The substantive law of the forum state, Alabama, applies because this removed action
is before the Court on basis of diversity jurisdiction. 28 U.S.C. § 1332.
and would not be observed by him in the exercise of ordinary care.” Waters, 130 So. 3d at
1223; South Alabama Brick Co., 2016 WL 1077265, at *6 (same). “All ordinary risks present
are assumed by the invitee, and the [invitor] is under no duty to alter the premises so as to
[alleviate] known and obvious dangers. The [invitor] is not liable to an invitee for an injury
resulting from a danger that was obvious or that should have been observed in the exercise of
reasonable care.” South Alabama Brick Co., 2016 WL 1077265, at *6 (citations omitted;
emphasis deleted; bracketed text in original).
The invitor “has no duty to warn an invitee of open and obvious defects in the premises
which the invitee is aware of, or should be aware of, in the exercise of reasonable care on the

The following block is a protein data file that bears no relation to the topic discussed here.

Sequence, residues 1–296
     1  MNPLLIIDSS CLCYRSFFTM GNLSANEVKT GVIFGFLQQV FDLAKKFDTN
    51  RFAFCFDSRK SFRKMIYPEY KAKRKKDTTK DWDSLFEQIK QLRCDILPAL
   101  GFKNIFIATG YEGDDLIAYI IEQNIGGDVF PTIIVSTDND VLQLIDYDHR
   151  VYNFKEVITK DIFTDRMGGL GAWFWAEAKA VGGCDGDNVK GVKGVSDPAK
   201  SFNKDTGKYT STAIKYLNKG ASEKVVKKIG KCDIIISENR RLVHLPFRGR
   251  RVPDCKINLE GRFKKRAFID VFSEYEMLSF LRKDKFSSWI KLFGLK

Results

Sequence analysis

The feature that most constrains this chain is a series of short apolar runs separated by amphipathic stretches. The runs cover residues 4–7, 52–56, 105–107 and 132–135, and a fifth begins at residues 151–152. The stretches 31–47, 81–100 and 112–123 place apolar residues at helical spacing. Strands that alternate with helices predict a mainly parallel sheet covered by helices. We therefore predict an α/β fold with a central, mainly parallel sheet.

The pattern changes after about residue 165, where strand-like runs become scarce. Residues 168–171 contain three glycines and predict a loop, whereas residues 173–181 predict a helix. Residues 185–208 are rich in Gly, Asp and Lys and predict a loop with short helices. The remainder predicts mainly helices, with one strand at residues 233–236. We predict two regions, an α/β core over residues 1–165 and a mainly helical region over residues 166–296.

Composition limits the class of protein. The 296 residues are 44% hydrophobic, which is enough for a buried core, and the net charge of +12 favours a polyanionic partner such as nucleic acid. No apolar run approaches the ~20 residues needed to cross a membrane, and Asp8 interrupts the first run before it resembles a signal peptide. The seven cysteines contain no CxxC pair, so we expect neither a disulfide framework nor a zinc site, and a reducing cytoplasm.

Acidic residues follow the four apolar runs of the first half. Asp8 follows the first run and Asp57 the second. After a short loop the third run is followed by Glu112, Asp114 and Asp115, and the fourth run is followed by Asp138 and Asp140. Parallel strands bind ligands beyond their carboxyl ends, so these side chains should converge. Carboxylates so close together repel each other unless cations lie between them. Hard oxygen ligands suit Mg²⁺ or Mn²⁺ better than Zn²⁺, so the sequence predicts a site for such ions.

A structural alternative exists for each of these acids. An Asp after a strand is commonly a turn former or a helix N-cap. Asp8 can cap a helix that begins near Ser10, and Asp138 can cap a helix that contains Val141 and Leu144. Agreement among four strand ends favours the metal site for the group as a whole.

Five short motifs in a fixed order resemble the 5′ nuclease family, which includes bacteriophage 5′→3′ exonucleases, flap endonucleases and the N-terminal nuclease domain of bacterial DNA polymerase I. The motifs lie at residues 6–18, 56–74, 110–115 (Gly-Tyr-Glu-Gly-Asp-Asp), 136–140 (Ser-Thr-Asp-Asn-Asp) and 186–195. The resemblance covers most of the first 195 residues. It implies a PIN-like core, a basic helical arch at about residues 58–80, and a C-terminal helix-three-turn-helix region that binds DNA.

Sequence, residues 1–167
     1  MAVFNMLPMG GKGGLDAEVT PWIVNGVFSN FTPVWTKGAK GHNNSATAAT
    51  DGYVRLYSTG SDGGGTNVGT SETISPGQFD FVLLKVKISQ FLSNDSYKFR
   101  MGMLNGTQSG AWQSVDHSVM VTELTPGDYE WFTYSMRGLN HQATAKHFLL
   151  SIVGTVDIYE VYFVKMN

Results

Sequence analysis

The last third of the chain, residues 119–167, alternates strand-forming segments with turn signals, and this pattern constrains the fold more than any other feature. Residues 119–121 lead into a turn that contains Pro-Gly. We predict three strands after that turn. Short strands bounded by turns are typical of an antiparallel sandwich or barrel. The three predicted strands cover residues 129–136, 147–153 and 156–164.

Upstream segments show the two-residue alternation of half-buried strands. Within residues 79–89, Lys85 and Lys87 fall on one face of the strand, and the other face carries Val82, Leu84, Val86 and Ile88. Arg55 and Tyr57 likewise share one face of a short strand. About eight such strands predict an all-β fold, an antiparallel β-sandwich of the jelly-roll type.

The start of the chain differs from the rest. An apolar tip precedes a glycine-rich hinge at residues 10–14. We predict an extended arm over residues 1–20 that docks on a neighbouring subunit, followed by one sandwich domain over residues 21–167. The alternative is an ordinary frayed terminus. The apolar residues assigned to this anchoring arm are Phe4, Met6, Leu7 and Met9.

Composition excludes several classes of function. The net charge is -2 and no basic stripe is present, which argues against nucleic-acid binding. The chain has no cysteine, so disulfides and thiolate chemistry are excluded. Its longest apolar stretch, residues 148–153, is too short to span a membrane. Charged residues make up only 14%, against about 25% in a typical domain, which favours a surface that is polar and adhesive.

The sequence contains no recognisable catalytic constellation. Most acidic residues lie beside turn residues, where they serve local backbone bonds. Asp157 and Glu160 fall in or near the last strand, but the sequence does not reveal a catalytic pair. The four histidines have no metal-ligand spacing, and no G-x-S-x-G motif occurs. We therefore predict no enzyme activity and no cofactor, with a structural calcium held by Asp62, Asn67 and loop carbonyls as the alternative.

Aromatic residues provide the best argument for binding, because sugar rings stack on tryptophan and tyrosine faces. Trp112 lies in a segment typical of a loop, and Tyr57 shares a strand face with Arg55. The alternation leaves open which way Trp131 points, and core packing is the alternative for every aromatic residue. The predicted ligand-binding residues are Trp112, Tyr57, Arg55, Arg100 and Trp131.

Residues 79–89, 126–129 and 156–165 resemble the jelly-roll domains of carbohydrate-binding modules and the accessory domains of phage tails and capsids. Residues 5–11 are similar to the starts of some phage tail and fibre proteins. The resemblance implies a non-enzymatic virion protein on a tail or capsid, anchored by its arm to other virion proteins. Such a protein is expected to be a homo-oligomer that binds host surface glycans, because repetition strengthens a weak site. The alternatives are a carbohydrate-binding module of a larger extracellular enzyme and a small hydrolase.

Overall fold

invitee's part.” Dolgencorp, Inc. v. Taylor, 28 So. 3d 737, 742 (Ala. 2009) (citation omitted).
“In a premises-liability setting”, the Alabama courts “use an objective standard to assess
whether a hazard is open and obvious. . . . [T]he question is whether the danger should have
been observed, not whether in fact it was consciously appreciated.” Dolgencorp, Inc., 28 So.
3d at 741-42. The Alabama courts have applied the “no duty rule” when an inviter lacks
superior knowledge of a danger such as when a condition was as known or obvious to the
invitee as the inviter. South Alabama Brick Co., 2016 WL 1077265, at *6. The duty “is
measured by an objective standard, not the subjective state of the invitee's knowledge. The
question is what was objectively reasonable for the invitor to expect the invitee to know. …
[A]n invitor's duty before an accident is not determined by ‘the invitee's subjective state of
mind’ at the moment of the accident.” Id. (citations omitted). Also, whether the condition that
caused Plaintiff’s injury “was open and obvious is an affirmative defense, for which
[Defendants] bear the ultimate burden of proof.” Dolgencorp, Inc., 28 So. 3d at 742.
Under Alabama law, the “focus of  premises liability law is not on the care that may
have been exercised by the invitee, . . . but on relieving a premises owner of a legal liability